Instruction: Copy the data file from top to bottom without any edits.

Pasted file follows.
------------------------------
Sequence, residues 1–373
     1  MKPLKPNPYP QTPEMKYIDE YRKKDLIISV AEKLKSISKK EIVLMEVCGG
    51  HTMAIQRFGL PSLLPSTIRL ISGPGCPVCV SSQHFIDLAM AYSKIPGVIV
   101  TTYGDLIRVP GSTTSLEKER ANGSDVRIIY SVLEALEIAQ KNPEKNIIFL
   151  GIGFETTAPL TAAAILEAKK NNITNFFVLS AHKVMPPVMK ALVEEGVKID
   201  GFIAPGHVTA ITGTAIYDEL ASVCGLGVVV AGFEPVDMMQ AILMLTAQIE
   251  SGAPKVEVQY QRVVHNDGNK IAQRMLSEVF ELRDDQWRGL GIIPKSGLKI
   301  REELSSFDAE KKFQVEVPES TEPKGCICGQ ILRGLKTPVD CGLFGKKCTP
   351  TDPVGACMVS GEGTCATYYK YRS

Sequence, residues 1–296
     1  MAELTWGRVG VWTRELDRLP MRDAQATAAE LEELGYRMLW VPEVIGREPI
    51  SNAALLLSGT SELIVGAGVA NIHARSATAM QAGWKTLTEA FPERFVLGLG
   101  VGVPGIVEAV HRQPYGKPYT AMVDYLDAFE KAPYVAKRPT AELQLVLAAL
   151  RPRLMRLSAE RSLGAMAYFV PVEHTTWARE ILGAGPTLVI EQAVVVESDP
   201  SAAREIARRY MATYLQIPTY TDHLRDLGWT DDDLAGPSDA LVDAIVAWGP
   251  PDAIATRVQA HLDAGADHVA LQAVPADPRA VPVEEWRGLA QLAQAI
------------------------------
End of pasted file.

Sequence, residues 1–373
     1  MKPLKPNPYP QTPEMKYIDE YRKKDLIISV AEKLKSISKK EIVLMEVCGG
    51  HTMAIQRFGL PSLLPSTIRL ISGPGCPVCV SSQHFIDLAM AYSKIPGVIV
   101  TTYGDLIRVP GSTTSLEKER ANGSDVRIIY SVLEALEIAQ KNPEKNIIFL
   151  GIGFETTAPL TAAAILEAKK NNITNFFVLS AHKVMPPVMK ALVEEGVKID
   201  GFIAPGHVTA ITGTAIYDEL ASVCGLGVVV AGFEPVDMMQ AILMLTAQIE
   251  SGAPKVEVQY QRVVHNDGNK IAQRMLSEVF ELRDDQWRGL GIIPKSGLKI
   301  REELSSFDAE KKFQVEVPES TEPKGCICGQ ILRGLKTPVD CGLFGKKCTP
   351  TDPVGACMVS GEGTCATYYK YRS

Sequence, residues 1–296
     1  MAELTWGRVG VWTRELDRLP MRDAQATAAE LEELGYRMLW VPEVIGREPI
    51  SNAALLLSGT SELIVGAGVA NIHARSATAM QAGWKTLTEA FPERFVLGLG
   101  VGVPGIVEAV HRQPYGKPYT AMVDYLDAFE KAPYVAKRPT AELQLVLAAL
   151  RPRLMRLSAE RSLGAMAYFV PVEHTTWARE ILGAGPTLVI EQAVVVESDP
   201  SAAREIARRY MATYLQIPTY TDHLRDLGWT DDDLAGPSDA LVDAIVAWGP
   251  PDAIATRVQA HLDAGADHVA LQAVPADPRA VPVEEWRGLA QLAQAI